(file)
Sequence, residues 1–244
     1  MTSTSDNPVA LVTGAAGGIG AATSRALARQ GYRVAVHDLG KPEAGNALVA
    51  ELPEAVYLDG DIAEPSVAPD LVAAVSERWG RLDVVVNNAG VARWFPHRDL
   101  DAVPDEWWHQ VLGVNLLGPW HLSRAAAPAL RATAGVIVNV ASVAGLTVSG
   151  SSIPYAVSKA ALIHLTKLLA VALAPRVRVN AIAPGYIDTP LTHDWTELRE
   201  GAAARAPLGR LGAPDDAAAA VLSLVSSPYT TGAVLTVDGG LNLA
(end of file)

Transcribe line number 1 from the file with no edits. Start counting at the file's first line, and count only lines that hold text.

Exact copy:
Sequence, residues 1–244